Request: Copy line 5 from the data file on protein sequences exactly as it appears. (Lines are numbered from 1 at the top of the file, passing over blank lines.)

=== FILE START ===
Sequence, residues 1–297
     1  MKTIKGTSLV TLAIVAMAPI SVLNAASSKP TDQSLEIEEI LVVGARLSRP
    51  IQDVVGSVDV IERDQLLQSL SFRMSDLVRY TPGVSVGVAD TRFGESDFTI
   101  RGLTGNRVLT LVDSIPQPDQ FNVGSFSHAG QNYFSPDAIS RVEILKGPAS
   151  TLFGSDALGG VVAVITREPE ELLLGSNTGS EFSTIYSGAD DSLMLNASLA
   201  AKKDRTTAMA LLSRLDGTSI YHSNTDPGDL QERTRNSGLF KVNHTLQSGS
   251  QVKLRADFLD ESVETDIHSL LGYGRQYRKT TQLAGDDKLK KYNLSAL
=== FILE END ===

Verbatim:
   151  TLFGSDALGG VVAVITREPE ELLLGSNTGS EFSTIYSGAD DSLMLNASLA